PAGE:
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Home https://server7.kproxy.com/servlet/redirect.srv/sruj/smyrwpoii/p2/ Science https://server7.kproxy.com/servlet/redirect.srv/sruj/smyrwpoii/p2/ This is what 2 dozen satellites look packed for launching SpaceX Falcon Heavy

This is what 2 dozen satellites look packed for launching SpaceX Falcon Heavy



SpaceX prepares for its busiest Falcon Heavy rifle right now and now, thanks to the US Air Force, we know what the epic ride looks like.

When the next SpaceX Falcon Heavy launches from NASA's historic Pad 39B at Florida's Kennedy Space Center on Monday (June 24th), the heavy-duty rocket will carry 24 different satellites to the Air Force Space Test mission. If you're wondering what two dozen satellites look like inside Falcon Heavy's nose, do not be surprised. On Tuesday (June 18th), the Air Force and Missile Systems Center of the Air Force, responsible for the STP-2 mission, showed how the 24 satellites are stacked in the payload rack.

"3700 kg [8,1

57 pounds] Integrated payload stack (IPS) for STP2 is complete!" Representatives of the Air Force wrote in the post. "Look Before It Breaks On The First DoD Falcon Heavy Start!"

The mission of the STP-2 is scheduled to start during a four hour window that opens on Monday evening at 11:30 AM EDT (0330 GMT 25 GMT). This will be the third launch of Falcon Heavy for SpaceX, but the first one to carry more than one satellite at a time.

Falcon Heavy's first mission, February 2018, was a Tesla Roadster, owned by SpaceX Chief Executive Elon Musk and Storman, a mannequin dressed in an official SpaceX spacecraft.

A massive satellite, 14,241 kilograms (6,460 kilograms) Arabsat 6A, launched on the second Falcon Heavy on SpaceX on April 11 this year. The two first phase of the side booms used to launch the Arabsat 6A will be reused in the STP-2 mission, SpaceX said.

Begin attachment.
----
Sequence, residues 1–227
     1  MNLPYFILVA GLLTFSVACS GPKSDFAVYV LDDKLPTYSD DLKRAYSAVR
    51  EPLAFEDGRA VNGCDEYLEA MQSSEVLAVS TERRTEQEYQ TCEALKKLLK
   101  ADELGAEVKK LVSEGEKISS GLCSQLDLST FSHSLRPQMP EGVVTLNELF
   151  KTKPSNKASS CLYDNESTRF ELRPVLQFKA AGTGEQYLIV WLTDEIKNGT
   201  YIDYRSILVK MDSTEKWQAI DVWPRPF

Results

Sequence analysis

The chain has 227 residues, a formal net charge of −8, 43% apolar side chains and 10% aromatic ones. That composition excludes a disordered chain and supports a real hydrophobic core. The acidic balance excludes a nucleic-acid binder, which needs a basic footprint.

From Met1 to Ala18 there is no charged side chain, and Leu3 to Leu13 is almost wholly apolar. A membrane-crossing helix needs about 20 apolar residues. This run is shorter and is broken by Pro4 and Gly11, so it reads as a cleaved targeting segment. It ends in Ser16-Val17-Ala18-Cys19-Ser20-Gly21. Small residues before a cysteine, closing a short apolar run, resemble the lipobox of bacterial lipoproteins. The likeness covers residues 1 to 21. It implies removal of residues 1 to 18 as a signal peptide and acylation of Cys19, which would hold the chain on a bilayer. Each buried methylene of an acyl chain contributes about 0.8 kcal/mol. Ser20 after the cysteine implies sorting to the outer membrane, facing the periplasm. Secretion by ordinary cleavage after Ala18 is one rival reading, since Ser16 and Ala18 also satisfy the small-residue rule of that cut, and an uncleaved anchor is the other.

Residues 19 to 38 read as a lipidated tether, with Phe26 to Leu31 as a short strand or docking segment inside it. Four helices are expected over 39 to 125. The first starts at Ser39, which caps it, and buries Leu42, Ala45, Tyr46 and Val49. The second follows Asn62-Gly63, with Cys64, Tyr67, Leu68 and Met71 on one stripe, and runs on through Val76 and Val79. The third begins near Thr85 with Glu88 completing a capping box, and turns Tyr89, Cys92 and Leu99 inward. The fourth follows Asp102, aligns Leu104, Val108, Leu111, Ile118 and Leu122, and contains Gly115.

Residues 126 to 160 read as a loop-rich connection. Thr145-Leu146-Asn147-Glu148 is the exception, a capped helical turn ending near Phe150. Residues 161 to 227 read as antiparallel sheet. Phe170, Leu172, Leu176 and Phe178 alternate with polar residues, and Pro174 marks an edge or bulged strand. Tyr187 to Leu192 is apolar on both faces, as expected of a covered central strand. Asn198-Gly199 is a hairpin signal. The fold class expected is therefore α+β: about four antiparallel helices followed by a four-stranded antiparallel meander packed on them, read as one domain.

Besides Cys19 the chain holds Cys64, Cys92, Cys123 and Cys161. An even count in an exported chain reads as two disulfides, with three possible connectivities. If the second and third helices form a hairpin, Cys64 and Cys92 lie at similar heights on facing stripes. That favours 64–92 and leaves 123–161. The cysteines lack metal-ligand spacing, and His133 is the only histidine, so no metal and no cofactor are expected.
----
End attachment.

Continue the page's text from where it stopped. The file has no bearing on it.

The 24 missions of the STP-2 mission include a diverse group of spacecraft built by NASA, the US Military, the National Oceanic and Atmospheric Administration, student teams from universities. These include NASA's atomic clock, a "green" spaceship satellite and a LightSail 2 solar panel for the planetary society, among others.

"The STP-2 mission will be among the most challenging launches in SpaceX history with four separate engine burners, three separate orbits, the latest passive maneuver and a total mission duration of over six hours," SpaceX writes in a mission statement .

SpaceX added that the ability to carry multiple satellites at once, as well as the use of used boosters, are key milestones for the mission.

"The launch of the STP-2 Multi-Manifesto (rideshare) will demonstrate the capabilities of SpaceX Falcon Heavy and will provide important certification data for future NSSL launch missions." "In addition, SMC will use this mission as a tool to develop policies and procedures to ensure missions related to the reuse of carrier rocket amps."

SpaceX regularly re-uses the first-stage boosters of its smaller Falcon 9 missiles, such as its rough Dragon ships, which deliver the NASA cargo to the International Space Station. SpaceX is continually developing a reusable technology to reduce the cost of space flights.

Finally, while 24 satellites can look like a lot, SpaceX actually started at the same time with its Falcon 9 missiles. Last year, the company released 64 small satellites at the same time as part of the rideshare mission through mediation of the company Spaceflight. Just last month, SpaceX released the first 60 of its Starlink internet satellites to set the foundation for the constellation that aimed to recruit thousands of satellites.

Email Tariq Malik at tmalik@space.com or follow it @tariqjmalik . Follow us @Spacedotcom and Facebook .


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